Defamation bill gives defence of qualified privilege to peer reviewed journal articlesBMJ 2013; 346 doi: http://dx.doi.org/10.1136/bmj.f2691 (Published 25 April 2013) Cite this as: BMJ 2013;346:f2691
A bill to reform libel law in England and Wales and make it harder to stifle scientific debate is expected to become law later this year, after it was saved by a last minute cross party consensus.
The Defamation Bill creates a statutory defence of public interest and gives a defence of qualified privilege to peer reviewed journal articles and reports of scientific conferences.
The bill’s survival was threatened when a House of Lords amendment requiring companies to prove that the allegedly defamatory statement caused or was likely to cause them substantial financial loss before they could launch a libel action was voted down in the House of Commons after government opposition.1
But the bill was saved when it went back to the Lords and peers accepted an alternative government amendment. This will not require companies to prove financial loss before bringing a claim but means that corporate bodies trading for profit will not be able to succeed in a claim unless they can prove serious financial loss.
Anyone sued for libel will be able to apply at an early stage for the action to be struck out on the grounds that the serious harm test is not met, said Tom McNally, the Liberal Democrat peer who is steering the bill through the Lords for the government.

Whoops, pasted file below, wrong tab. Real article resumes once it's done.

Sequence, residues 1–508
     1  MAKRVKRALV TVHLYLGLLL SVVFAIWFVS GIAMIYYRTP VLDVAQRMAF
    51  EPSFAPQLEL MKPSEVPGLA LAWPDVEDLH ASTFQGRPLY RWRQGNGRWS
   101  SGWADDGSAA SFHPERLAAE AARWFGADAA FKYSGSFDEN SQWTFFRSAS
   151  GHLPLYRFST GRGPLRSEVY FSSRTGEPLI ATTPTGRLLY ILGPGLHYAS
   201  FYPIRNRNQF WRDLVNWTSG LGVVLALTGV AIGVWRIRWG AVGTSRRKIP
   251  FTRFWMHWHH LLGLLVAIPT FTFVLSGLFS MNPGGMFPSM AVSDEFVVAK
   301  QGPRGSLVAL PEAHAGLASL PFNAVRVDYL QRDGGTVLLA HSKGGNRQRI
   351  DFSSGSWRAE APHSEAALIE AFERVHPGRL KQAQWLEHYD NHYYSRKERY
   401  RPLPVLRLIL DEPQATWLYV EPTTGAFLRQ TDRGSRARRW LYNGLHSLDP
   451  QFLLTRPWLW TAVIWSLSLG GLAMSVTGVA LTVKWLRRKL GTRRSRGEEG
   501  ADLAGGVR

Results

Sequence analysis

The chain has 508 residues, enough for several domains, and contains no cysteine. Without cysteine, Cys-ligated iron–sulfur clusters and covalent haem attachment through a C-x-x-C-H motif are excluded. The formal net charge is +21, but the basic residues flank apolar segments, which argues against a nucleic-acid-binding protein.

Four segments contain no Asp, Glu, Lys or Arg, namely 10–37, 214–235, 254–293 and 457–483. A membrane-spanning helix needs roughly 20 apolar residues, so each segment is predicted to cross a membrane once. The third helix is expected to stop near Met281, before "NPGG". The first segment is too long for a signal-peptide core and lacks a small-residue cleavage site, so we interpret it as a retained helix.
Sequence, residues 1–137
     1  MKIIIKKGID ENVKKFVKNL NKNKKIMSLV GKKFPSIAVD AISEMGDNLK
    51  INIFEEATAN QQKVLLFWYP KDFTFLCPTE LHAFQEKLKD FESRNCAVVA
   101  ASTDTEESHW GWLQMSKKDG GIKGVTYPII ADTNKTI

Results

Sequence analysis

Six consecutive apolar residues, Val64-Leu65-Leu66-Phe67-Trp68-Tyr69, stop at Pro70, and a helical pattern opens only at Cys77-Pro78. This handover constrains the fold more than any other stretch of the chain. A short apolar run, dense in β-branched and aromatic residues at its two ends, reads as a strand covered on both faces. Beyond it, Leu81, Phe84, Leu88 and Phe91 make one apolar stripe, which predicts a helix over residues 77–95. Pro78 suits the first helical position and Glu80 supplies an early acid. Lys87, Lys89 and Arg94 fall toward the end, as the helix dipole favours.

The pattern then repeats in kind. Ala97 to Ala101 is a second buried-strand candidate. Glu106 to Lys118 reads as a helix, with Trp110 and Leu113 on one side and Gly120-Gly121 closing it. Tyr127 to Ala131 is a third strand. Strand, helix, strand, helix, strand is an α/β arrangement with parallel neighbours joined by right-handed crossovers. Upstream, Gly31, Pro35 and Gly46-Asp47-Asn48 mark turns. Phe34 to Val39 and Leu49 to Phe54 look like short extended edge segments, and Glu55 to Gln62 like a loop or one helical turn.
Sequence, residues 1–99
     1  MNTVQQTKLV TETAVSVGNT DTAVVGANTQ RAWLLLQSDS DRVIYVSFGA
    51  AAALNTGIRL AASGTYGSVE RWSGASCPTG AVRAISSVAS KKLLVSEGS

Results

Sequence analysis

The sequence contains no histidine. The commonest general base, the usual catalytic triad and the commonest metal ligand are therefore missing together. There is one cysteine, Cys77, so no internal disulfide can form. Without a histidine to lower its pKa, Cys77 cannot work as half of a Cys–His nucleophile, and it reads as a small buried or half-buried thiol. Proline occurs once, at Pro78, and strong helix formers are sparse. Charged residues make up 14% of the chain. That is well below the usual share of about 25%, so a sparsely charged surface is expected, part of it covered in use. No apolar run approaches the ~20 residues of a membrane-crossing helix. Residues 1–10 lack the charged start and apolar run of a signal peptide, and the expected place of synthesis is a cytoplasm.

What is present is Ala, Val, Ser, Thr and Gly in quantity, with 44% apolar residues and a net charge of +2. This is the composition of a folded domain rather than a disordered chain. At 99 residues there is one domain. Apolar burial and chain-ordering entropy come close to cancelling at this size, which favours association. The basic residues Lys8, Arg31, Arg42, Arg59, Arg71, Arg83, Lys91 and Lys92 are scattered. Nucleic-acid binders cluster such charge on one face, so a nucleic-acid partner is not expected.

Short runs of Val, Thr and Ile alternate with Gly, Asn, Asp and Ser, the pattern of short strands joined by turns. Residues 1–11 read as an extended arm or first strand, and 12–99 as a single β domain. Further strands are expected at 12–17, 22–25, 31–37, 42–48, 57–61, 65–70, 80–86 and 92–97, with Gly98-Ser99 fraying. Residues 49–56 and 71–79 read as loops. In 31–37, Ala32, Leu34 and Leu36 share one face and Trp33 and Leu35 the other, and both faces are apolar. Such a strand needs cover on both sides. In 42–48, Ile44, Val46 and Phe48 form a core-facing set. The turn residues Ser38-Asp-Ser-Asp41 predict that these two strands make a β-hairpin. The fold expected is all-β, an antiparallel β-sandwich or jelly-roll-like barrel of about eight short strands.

He promised that rules would be made allowing either party to apply for early rulings on other key aspects of the claim, such as the meaning of the words used and whether the statement was one of fact or comment. And measures would be introduced before the bill came into force to give cost protection to parties of limited means.
Another amendment that would have banned companies providing public services from suing for libel was defeated in the Lords, but peers suggested that the courts might further develop the common law that already bars local councils and government departments from bringing defamation actions.
McNally said that the cases of the cardiologist Peter Wilmshurst and the science writer Simon Singh had highlighted the deficiencies in the law.2 Wilmshurst was sued by the US based device maker NMT Medical over criticism he made of the company’s research, in which he was a principal investigator, to a journalist on a US cardiology website. The British Chiropractic Association, a corporate body, sued Singh over an article in the Guardian newspaper accusing it of “promoting bogus treatments.”
McNally said that the position would be different in both cases once the bill became an act. Anyone suing them would have to pass a “serious harm” test, and they would benefit from the new public interest defence and costs protection measures.
He said, “More generally, to support the scientific and academic debate, the bill also creates a new defence against libel for peer reviewed material in scientific and academic journals and extends qualified privilege to reports of scientific and academic conferences.”
He added, “Although I am not sure that we will ever be able to protect everyone from the speculative chilling solicitor’s letter, I hope that people receiving that chilling letter will realise that the law has changed. It has changed to protect them and build in protection for the Dr Wilmshursts and Simon Singhs of the future.”
Cite this as: BMJ 2013;346:f2691